|The Value of a Service Goes Down Quickly
The value of a service always appears to go down quickly as soon as those
services have been performed. The value of any material object you buy may go up in value over
the years, but the value of services always appears to decline rapidly after you have performed
Power Negotiators know that any time you make a concession to the other side
in a negotiation you should ask for a reciprocal concession right away. The favor that you did
the other side loses value very quickly. Two hours from now the value of it will have diminished
Real estate salespeople are very familiar with the principle of the declining
value of services. When a seller has a problem getting rid of a property, and the real estate
salesperson offers to solve that problem for a 6 percent listing fee, it doesn't sound as though
it's an enormous amount of money. However, the minute the RealtorŪ has performed the service
by finding the buyer, then suddenly that six- percent starts to sound like a tremendous amount
of money. "Six percent. That's $12,000!" the seller is saying. "For what? What
did they do? All they did was put it in a multiple listing service." The RealtorŪ did much
more than that to market the property and negotiate the contract but remember the principle:
The value of a service always appears to diminish rapidly after you have performed that service.
I'm sure you've experienced that, haven't you? A person with whom you do a small
amount of business has called you. He's in a state of panic because the supplier from whom they
get the bulk of their business has let them down on a shipment. Now their entire assembly line
has to shut down tomorrow unless you can work miracles and get a shipment to them first thing
in the morning. Sound familiar? So you work all day and through the night, re-scheduling
shipments all over the place. Against all odds, you're able to get a shipment there just in
time for the assembly line to keep operating. You even show up at their plant and personally
supervise the unloading of the shipment, and the buyer loves you for it. He comes down to the
dock, where you are triumphantly wiping the dirt off your hands and says, "I can't believe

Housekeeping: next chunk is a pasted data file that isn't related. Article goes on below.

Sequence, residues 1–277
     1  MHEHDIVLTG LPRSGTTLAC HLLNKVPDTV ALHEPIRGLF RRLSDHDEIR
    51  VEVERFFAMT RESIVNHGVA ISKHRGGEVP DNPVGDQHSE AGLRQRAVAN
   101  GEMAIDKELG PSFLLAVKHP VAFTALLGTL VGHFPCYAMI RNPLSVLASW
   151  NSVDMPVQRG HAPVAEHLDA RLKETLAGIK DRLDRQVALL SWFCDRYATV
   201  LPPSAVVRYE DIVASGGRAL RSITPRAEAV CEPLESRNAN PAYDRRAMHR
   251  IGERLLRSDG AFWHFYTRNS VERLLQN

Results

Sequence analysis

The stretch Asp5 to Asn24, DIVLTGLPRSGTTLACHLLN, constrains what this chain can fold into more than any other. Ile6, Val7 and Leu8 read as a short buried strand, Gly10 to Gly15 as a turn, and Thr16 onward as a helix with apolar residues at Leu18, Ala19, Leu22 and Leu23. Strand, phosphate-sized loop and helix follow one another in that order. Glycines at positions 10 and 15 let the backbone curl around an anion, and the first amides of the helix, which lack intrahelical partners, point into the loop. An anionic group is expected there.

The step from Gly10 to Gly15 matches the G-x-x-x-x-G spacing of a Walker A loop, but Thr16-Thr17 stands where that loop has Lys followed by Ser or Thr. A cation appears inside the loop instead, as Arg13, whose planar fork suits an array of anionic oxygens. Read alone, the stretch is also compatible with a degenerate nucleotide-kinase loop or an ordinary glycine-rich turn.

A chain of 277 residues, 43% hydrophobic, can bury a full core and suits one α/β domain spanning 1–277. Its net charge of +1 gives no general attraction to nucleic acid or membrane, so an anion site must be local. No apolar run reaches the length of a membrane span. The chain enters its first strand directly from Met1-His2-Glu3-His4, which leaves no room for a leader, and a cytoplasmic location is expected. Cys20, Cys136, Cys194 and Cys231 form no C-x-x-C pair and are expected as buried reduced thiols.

you were able to do that for me. That is unbelievable service. You are absolutely incredible.
Love you, love you, love you."
So, you say, "Happy to do it for you, Joe. That's the kind of service we can
give when we have to. Don't you think it's time we looked at my company being your main
He replies, "That does sound good, but I don't have time to talk about it
now because I've got to get over to the assembly line and be sure that it's running smoothly.
Come to my office Monday morning at 10 o'clock and we'll go over it. Better yet, come by at
noon and I'll buy you lunch. I really appreciate what you did for me. You are fantastic. Love
you, love you, love you."
So all weekend long, you think to yourself, "Boy. Have I gotten this one made.
Does he owe me." Monday rolls around, however, and negotiating with him is just as hard
as ever. What went wrong? The declining value of services came into play. The value of a service
always appears to decline rapidly after you have performed the service.
If you make a concession during a negotiation, get a reciprocal concession right
away. Don't wait. Don't be sitting there thinking that because you did them a favor, they owe
you and that they will make it up to you later. With all the goodwill in the world, the value
of what you did goes down rapidly in their mind.
For the same reason, consultants know that you should always negotiate your fee
up front, not afterward.
Plumbers know this, don't they? They know that the time to negotiate with you is
before they do the work, not after. I had a plumber out to the house. After looking at the
problem he slowly shook his head and said, "Mr. Dawson, I have identified the problem, and
I can fix it for you. It will cost you $150."
I said, "Fine, go ahead."
You know how long it took him to do the work? Five minutes. I said, "Now wait
a minute. You're going to charge me $150 for five minutes work? I'm a nationally known speaker,
and I don't make that kind of money."
He replied, "I didn't make that kind of money either-when I was a nationally
Key points to remember:
- The value of a material object may go up, but the value of services always appears to go down.
- Don't make a concession and trust that the other side will make it up to you later.
- Negotiate your fee before you do the work.
is the author of two of Nightingale-Conant's best selling
audiocassette programs, Secrets of Power Negotiating and Secrets of Power Negotiating for Salespeople.
This article is excerpted in part from Roger Dawson's new book -
Secrets of Power Negotiating,
published by Career Press and on sale in bookstores everywhere for $24.99.
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